The Blessing of the Barley Queen

We're growing barley, and we're celebrating it in an old fashioned way

‘The Blessing of the Barley Queen’ is to be held on Saturday 27 April, following the blessing of the land, and will include drinks, food, and some good fun folk music.

Our newly-crowned Barley Queen will join the local vicar to give a ‘blessing of the land’ to our very own barley crop situated under the watchful eye of Alburgh church tower, who will then be carried by tractor back to the brewery, where she will be welcomed by all, and the merriment will begin. Things might get a little weird (in a fun way), but nothing Alburgh hasn’t seen before, for we are reviving an age-old tradition in celebration of the Bond family of South Farm giving us our very own patch of barley, that we will malt later in the year.

‘Barley Queen’ – never heard of it and still have no idea of what I’m going on about? Here’s the backstory…

Last October, a very enthusiastic 40-something named Alastair from Northampton and wearing a Parka jacket, showed up at the brewery waving photocopies that he insisted on sharing with me. He caught me on a good day. The documents were copied from a Walter Rye essay, who I have since learned, wrote a series of essays,  in the late 1800s, relating to Norfolk, and was interested in families, antiquities and traditions. Now, in these papers were (admittedly small and vague) references to goings-on in the Waveney Valley, in amongst a much larger piece on general pagan traditions in Norfolk.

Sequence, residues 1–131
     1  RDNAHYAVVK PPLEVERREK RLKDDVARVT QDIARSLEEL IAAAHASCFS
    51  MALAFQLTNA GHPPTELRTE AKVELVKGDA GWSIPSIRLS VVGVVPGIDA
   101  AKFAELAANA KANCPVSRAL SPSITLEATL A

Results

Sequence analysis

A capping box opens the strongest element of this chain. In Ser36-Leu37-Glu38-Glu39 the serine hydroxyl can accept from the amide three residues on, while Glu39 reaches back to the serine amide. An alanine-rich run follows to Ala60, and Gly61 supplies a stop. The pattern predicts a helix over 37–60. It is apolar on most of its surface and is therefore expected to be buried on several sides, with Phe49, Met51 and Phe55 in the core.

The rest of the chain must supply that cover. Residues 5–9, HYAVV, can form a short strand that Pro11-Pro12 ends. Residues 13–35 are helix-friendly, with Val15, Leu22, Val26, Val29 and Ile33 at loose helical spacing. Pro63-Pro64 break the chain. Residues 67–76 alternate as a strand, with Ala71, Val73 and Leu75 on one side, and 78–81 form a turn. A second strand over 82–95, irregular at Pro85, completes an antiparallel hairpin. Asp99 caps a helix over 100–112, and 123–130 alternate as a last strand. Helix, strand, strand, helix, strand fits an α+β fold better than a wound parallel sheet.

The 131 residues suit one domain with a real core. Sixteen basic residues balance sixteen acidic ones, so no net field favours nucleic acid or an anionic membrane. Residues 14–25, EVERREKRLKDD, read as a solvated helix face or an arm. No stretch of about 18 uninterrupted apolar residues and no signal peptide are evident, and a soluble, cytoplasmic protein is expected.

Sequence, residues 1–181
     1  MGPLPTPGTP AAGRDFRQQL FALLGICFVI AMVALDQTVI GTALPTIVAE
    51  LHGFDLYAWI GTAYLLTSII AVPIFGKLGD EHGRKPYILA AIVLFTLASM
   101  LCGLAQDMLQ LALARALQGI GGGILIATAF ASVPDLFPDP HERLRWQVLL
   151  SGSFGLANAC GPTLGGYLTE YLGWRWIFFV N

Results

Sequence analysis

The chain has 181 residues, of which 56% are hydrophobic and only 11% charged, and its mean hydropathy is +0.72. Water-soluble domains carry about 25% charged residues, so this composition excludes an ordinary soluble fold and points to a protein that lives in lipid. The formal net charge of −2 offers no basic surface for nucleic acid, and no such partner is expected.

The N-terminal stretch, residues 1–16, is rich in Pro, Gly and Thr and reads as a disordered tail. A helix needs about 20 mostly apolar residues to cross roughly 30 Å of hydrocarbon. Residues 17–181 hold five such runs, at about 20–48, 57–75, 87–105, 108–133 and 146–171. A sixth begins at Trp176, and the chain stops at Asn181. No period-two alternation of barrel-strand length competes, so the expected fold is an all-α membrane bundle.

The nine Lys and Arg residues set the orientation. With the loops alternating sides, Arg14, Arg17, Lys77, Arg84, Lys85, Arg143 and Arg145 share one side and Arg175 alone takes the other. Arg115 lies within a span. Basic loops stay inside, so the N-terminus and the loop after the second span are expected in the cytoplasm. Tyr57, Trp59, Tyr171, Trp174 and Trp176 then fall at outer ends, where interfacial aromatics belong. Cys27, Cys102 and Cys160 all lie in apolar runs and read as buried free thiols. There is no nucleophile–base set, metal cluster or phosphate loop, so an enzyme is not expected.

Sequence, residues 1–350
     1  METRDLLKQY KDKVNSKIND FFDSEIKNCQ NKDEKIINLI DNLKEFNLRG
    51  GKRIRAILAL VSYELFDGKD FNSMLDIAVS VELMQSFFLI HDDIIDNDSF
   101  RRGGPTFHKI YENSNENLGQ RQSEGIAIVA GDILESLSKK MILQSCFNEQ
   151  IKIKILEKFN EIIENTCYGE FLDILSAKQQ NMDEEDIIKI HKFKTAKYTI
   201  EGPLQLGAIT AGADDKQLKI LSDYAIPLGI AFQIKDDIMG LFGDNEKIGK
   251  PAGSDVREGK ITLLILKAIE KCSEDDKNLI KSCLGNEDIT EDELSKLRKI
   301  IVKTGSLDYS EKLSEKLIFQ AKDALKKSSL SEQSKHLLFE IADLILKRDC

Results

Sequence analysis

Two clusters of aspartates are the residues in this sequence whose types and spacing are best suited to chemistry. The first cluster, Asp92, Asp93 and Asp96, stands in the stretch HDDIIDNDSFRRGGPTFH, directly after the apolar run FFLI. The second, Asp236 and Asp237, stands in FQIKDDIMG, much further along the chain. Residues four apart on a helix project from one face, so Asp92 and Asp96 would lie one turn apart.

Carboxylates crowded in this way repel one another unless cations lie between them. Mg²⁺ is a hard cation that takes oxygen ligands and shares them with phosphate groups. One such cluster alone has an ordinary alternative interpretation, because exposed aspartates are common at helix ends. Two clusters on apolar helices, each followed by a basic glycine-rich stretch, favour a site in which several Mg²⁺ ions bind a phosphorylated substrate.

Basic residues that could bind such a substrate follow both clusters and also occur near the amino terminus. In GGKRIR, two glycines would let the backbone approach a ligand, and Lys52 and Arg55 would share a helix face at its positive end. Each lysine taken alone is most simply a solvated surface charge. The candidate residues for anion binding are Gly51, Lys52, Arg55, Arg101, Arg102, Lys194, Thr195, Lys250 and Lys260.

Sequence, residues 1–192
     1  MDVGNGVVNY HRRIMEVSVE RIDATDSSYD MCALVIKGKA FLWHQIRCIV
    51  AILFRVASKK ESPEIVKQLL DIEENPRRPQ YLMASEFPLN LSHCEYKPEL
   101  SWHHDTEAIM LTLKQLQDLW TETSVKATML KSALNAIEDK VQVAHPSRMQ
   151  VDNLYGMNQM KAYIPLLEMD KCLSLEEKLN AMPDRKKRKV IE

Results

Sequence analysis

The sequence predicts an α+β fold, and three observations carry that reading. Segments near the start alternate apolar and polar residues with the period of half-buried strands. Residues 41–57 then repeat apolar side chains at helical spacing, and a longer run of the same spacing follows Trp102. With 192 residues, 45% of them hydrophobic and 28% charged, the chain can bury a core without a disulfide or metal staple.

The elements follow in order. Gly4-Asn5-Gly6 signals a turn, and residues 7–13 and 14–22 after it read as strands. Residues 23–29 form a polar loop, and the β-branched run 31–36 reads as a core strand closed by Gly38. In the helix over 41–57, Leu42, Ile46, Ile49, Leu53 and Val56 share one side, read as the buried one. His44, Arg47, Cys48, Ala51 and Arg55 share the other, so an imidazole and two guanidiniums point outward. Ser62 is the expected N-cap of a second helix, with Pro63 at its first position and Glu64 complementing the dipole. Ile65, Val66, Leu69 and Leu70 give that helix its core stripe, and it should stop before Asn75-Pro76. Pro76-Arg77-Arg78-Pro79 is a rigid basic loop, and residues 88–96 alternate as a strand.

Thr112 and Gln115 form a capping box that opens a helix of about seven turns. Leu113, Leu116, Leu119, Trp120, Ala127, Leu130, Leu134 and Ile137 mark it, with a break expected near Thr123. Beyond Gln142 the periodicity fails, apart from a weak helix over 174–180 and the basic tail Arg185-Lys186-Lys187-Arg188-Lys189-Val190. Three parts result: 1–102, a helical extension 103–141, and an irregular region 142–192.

Here’s what  I managed to get:
‘a lady mature in years and wisdom’…’give her blessing on the land’…in the ‘arable lands in the south of Norfolk’.

It features amongst other articles on pagan practices which made a revival in Victorian times, and so I have filled in the blanks and added some meat to what ‘probably’ went on based on what we know about druidism and what we know about Norfolk. And I have named her the ‘Barley Queen’. I have been unable to verify the quotes, and am still waiting for Alastair to return (hopefully for the event!), and after discussions with locals, no-one knows about the practice. However, local villagers have told me of similar rituals and celebrations that took place, and in fact the Apple Wassail still takes place in Denton to scare away evil demons from the cider apples.

So we have a new/old thing! Our first Barley Queen to be crowned will be Jen, and she will bless the crop calling upon the four elements of Air, Fire, Earth and Water. To redress the balance and hedge my bets, the vicar of Alburgh and Denton (and countless other parishes), Rev Christopher Hutton will join us with a Christian blessing. The crops have a good start, as they sit directly on the St Michael and St Mary leyline, that starts in Cornwall, heads through Alburgh church, and onwards, so we expect great things when we are able to turn this barley into beer, but I’ll cover that story in another blog.

The Blessing of the Barley Queen – at Grain Brewery 12 until 7, on Saturday 27 April.
2.15pm – The Barley Queen leaves the brewery by tractor (children may join her in the trailer if they wish)
2.30pm – The Barley Queen and Rev Hutton bless the land
3.00pm – The arrival of the Barley Queen at the brewery
3.00pm onwards – Celebration, including hot food and music from The Wicked Hamptons


Phil Halls
11 April 2024